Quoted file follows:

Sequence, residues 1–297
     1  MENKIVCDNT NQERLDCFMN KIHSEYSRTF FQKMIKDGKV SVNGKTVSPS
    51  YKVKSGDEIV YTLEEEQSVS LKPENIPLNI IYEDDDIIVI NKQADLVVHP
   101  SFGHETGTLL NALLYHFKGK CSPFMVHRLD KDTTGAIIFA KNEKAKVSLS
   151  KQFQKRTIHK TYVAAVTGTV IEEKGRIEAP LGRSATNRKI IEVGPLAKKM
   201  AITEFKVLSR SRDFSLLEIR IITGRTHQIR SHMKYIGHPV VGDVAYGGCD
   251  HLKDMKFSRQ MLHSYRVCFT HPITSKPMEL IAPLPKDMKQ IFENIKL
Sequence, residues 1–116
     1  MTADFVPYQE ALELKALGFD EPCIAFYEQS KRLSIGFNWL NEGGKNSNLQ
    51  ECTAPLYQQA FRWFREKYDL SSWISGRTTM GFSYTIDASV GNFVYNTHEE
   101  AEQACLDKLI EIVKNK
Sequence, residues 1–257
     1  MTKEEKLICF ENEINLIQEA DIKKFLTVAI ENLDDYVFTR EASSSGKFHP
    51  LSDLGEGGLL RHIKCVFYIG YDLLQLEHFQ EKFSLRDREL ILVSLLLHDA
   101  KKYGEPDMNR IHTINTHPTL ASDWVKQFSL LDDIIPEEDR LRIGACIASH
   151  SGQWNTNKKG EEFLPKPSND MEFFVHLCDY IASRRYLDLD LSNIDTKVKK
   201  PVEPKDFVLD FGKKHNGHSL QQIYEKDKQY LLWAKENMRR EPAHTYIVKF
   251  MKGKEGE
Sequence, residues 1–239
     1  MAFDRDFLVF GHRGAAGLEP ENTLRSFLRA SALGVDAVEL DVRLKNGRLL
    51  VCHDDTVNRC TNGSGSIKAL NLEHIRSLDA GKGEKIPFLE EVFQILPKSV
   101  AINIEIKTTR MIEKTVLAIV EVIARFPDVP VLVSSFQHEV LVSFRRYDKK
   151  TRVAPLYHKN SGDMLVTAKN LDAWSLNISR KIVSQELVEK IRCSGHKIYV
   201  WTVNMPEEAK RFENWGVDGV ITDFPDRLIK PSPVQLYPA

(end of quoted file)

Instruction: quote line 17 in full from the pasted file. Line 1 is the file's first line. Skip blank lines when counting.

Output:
   201  PVEPKDFVLD FGKKHNGHSL QQIYEKDKQY LLWAKENMRR EPAHTYIVKF